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United States District Court, Northern District of New York

March 13, 2001


The opinion of the court was delivered by: Kahn, District Judge.


Presently before the Court is a motion to dismiss by Defendants Ministry of Public Works and Housing of the Kingdom of Saudi Arabia and the Kingdom of Saudi Arabia (collectively the "Sovereign Defendants"). For the following reasons the Sovereign Defendants' motion is DENIED.


Plaintiff Tonoga, Ltd., d/b/a Taconic Plastics Ltd. ("Taconic") is a materials manufacturer incorporated in Ireland with its principal place of business located in Petersburgh, New York. The Sovereign Defendants are foreign states within the meaning of the Foreign Sovereign Immunities Act ("FSIA"). See 28 U.S.C. § 1603(a); see Reiss v. Societe Centrale Du Groupe Des Assurances Nationales, 235 F.3d 738, 746 (2d Cir. 2000).

In 1997 Taconic entered into a contract with a German construction company to supply specialized membrane material for a Saudi Arabian tent project designed to shelter religious pilgrims visiting holy sites there. Shortly after entering into this contract, the German construction company failed to make scheduled payments to Taconic and eventually filed for bankruptcy. Defendant Voss and his engineering firm, defendant Werner Voss Architects and Engineers, acting, for the purposes of this motion, as the Sovereign Defendants' authorized agent,*fn1 allegedly guaranteed the payments due Taconic via a series of three letter agreements in order to induce it into completing the tent project.*fn2

Taconic completed manufacturing of the material needed for the tent project and received two of the three payments due, the source of which is in dispute,*fn3 but did not receive the final payment due. Claiming that each of the named defendants breached the guarantee, Plaintiff brought suit in this Court seeking to collect, in part, DM 5,560,530.70, or about $3 million,*fn4 the final payment owed under the alleged guarantee. The Sovereign Defendants brought the current motion to dismiss based upon lack of subject matter jurisdiction, lack of personal jurisdiction, and forum non conveniens.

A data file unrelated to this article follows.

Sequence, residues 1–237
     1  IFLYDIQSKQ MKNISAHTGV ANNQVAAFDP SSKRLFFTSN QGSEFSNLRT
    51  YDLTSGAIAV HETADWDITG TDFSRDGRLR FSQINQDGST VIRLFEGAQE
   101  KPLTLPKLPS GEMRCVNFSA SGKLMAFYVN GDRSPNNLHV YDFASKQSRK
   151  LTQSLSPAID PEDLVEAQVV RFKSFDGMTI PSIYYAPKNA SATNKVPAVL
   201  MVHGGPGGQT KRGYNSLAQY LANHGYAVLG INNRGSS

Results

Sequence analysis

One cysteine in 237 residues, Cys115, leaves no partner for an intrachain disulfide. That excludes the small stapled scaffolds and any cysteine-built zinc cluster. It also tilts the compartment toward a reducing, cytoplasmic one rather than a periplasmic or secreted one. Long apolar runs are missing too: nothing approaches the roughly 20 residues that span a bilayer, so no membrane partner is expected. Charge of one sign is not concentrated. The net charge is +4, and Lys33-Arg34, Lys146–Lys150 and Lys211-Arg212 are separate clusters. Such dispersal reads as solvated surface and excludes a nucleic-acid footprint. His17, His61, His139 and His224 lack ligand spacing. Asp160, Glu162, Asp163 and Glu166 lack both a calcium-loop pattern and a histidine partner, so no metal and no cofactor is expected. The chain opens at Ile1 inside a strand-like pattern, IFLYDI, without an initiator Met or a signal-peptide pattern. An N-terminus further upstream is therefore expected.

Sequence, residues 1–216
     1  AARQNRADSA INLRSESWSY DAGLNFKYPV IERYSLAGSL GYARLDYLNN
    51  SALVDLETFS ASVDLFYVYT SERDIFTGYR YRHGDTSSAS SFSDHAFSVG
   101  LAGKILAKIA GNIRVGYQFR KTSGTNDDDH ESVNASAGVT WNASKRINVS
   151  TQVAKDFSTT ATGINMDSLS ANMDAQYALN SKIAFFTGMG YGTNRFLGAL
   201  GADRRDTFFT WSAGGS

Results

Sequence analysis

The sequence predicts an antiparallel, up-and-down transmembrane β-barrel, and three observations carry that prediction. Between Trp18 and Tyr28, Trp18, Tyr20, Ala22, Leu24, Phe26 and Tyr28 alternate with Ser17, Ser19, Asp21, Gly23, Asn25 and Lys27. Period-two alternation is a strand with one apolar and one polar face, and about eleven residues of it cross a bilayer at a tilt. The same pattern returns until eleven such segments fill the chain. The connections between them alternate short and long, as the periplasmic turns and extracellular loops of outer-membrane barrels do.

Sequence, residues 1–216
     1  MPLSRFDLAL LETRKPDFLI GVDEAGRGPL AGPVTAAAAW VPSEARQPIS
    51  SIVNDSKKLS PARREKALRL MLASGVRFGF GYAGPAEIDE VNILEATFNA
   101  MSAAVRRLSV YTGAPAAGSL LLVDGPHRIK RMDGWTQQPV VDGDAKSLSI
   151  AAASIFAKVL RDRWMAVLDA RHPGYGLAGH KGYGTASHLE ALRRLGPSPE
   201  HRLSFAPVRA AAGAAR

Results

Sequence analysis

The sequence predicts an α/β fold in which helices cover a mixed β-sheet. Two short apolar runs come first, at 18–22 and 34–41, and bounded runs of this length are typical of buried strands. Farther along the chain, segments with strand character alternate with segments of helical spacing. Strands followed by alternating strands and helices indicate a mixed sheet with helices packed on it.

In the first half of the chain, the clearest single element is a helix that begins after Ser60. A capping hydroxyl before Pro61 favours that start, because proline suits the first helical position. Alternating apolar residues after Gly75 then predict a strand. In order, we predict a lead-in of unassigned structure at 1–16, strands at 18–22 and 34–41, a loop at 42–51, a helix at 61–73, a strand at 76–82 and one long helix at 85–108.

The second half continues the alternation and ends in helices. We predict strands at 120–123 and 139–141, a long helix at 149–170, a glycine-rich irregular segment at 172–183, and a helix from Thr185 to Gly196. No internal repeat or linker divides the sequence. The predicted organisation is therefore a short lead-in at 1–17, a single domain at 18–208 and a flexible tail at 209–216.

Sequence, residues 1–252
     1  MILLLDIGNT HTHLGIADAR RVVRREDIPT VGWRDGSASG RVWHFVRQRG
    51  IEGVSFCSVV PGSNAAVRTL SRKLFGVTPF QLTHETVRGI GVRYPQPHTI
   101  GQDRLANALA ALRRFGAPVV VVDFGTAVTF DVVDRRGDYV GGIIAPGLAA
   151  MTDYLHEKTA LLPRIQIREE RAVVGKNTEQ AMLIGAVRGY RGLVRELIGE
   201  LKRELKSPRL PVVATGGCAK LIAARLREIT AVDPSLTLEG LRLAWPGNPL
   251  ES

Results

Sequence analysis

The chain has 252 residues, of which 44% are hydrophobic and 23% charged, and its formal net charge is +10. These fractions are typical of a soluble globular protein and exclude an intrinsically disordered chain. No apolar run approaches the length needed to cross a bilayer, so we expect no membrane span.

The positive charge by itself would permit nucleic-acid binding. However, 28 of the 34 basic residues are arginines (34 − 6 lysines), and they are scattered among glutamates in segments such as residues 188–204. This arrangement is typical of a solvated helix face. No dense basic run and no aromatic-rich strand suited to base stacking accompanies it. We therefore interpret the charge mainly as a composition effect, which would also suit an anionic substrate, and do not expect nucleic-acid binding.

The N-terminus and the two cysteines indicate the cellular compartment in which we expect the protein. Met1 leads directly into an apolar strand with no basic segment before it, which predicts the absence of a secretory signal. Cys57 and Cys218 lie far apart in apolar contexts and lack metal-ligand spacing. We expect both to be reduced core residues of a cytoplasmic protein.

A. Subject Matter Jurisdiction

A court may dismiss a case for lack of subject matter jurisdiction under Rule 12(b)(1) of the Federal Rules of Civil Procedure when it lacks the constitutional or statutory power to adjudicate the case. See Fed R. Civ. P. 12(b)(1). In fact, because federal courts are courts of limited jurisdiction and can adjudicate "only those cases within the bounds of Article III of the United States Constitution and Congressional enactments stemming therefrom," Walsh v. McGee, 899 F. Supp. 1232, 1236 (S.D.N.Y. 1995), whenever "it appears by suggestion of the parties or otherwise" that this Court lacks jurisdiction of the subject matter it must affirmatively dismiss the action, Fed.R.Civ.P. 12(h)(3).

As such, the burden of proving that a federal court has subject matter jurisdiction over an action rests upon the party attempting to invoke the court's jurisdiction, see Thomson v. Gaskill, 315 U.S. 442, 446, 62 S.Ct. 673, 86 L.Ed. 951 (1942), and no presumption of truth attaches to the non-moving party's allegations, see Brown v. American Legion Cortland City Post, 64 F. Supp.2d 96, 97 (N.D.N.Y. 1999). Moreover, since a dismissal under 12(b)(1) is not a dismissal on the merits and is without res judicata effect on the underlying merits of the claims, when a court dismisses a case pursuant to 12(b)(1), it is precluded from exercising supplemental jurisdiction over related state claims. See Cushing v. Moore, 970 F.2d 1103, 1106 (2d Cir. 1992).